OSU players not being strong on their sticks was another issue addressed by Markell on the bench, and when Aaron Palushaj came storming in on a two-on-two with Matt Rust, the entire bench yelled in unison, “Get stick on stick! Gap this guy.”
Markell was vocal but very positive. He would remind guys to be strong on sticks on their faceoffs, stick to their game plan, and slow them down. One issue got sticky when one player got a little frustrated on the bench about something, and Markell put a stop to that negativity quickly. That is such a huge key to a young team: keep them focused on the future, not dwelling on what just happened.
When the first period ended the game was in crisis mode for OSU. The Buckeyes were getting outplayed in their building. As Brent pointed out, “They were so anxious and had so much nervous energy, I think it actually drained them.”
Markell didn’t disagree. “They are making us rush and some of our guys are struggling at this pace,” he said.
With the observation that Michigan was cutting down to three lines a lot, Markell took at two lines he wasn’t happy with and said he’d make a third line out of those two and see who picks it up. Lammers was a bit more hesitant.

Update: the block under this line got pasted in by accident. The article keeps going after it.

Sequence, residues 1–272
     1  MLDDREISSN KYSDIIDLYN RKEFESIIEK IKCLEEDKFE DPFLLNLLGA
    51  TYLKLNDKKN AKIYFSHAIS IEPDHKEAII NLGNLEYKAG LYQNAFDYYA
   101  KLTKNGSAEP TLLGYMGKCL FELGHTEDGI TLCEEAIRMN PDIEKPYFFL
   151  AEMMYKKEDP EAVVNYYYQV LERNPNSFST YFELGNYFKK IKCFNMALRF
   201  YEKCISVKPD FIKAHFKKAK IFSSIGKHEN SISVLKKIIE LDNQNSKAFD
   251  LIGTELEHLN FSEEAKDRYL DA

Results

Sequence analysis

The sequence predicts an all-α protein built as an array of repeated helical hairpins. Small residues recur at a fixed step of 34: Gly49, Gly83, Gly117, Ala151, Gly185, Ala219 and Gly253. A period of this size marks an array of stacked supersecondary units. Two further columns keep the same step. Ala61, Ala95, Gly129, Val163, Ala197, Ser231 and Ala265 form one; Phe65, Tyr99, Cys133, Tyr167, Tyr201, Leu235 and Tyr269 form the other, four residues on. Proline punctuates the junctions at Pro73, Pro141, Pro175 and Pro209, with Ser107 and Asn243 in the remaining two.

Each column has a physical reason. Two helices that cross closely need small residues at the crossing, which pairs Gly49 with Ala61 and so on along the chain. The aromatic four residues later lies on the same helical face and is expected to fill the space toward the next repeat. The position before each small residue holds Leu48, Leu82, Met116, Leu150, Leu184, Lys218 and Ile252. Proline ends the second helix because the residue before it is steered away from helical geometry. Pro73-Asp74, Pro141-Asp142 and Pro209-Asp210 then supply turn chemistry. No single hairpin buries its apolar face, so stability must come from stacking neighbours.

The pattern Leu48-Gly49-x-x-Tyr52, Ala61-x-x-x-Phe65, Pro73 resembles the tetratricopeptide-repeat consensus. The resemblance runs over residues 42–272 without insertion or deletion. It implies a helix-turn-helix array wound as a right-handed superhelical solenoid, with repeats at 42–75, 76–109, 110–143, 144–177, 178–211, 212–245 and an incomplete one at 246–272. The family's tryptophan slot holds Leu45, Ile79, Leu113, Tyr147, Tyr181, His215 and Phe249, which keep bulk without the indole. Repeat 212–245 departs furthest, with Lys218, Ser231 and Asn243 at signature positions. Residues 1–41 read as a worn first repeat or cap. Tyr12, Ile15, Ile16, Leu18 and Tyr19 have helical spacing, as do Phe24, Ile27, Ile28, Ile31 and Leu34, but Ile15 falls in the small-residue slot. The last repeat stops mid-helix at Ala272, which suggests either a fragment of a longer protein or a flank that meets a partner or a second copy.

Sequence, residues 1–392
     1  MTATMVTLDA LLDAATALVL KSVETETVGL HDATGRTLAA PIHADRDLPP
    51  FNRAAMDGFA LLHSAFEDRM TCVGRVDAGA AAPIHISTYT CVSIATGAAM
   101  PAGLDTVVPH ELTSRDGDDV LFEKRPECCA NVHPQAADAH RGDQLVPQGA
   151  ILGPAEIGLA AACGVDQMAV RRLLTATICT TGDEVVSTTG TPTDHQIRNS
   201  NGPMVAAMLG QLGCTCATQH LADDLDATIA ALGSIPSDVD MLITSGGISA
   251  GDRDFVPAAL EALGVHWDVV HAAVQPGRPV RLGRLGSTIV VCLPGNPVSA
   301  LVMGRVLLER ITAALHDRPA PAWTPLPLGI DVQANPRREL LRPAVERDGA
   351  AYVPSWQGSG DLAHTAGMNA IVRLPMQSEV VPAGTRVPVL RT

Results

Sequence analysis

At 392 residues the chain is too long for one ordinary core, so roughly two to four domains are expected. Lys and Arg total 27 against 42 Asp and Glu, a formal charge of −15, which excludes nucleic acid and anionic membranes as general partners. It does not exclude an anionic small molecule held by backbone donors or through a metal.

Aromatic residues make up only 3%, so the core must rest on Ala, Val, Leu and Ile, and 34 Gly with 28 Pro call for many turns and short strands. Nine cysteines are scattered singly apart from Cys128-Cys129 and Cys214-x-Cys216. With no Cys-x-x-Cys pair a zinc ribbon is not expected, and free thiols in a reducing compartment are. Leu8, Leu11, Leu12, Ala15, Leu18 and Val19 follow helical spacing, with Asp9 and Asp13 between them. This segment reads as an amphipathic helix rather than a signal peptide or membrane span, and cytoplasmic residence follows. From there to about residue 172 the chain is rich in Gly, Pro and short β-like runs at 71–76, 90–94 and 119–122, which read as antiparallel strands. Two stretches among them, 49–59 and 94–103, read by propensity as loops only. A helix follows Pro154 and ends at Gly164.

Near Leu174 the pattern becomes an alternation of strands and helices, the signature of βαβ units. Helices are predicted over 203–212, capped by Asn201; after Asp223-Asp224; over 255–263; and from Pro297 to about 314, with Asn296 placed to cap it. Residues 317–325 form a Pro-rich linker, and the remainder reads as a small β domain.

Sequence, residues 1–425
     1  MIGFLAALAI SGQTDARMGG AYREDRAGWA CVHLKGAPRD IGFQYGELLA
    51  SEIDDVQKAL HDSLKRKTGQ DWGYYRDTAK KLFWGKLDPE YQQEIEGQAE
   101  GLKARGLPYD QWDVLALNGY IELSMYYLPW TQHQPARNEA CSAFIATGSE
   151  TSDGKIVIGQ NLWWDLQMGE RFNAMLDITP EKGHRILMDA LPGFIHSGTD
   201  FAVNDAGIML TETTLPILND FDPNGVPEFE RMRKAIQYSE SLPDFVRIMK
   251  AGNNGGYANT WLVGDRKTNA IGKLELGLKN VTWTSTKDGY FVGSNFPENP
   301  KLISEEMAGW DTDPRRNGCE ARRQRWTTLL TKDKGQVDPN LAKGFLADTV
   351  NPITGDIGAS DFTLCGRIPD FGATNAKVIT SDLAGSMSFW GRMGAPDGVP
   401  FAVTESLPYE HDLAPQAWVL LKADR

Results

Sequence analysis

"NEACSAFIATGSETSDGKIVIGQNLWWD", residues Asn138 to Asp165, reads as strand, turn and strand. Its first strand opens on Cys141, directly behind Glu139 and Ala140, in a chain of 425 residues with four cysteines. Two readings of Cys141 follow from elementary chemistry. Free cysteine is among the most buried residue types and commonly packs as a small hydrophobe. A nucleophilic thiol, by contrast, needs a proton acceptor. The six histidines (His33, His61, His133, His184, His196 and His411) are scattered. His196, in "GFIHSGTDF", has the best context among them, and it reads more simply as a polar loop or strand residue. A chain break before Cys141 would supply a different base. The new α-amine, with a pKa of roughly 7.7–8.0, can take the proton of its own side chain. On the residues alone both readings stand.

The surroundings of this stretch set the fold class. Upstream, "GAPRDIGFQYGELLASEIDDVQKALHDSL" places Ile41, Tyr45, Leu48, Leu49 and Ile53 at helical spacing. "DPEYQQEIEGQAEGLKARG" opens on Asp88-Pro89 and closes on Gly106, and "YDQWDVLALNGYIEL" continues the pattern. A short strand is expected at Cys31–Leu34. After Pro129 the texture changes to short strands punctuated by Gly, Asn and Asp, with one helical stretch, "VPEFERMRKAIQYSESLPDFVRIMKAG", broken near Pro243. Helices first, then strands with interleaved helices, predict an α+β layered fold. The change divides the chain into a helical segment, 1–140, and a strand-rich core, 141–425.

“Give them a shift or two each, John, then make your decision,” Lammers said. “Some of those guys still need to get the nerves out.” Markell agreed.
The room cleared and Markell looked at me.
“You have to be really careful with a young team. You get on them you’ll lose them in a game so everything stays positive on the bench. There are definitely some guys in that room that need to pick it up and play at Michigan’s level. We need to get John Albert going tonight; he is a huge key for us against a team like this.”
His message to the team was clear. “Start hitting and slow them down, they want to skate. Start that real early, get some hits going here.”
The second period didn’t go much better. It wasn’t until late in the second that OSU really started to manufacture some chances.
During a TV timeout Markell got frustrated with the team. Making them all get on the ice so he could see all of them, he let loose a bit.
“See what they are doing to you? Do it back to them. Make them uncomfortable. Get pressure on their defense, be patient, be active and our chips have to be better.”
He told them that the “excuse-me” hitting was unacceptable, a term that means that his players’ hits were happening because they ran into someone instead of lining up a body and delivering an authoritative hit.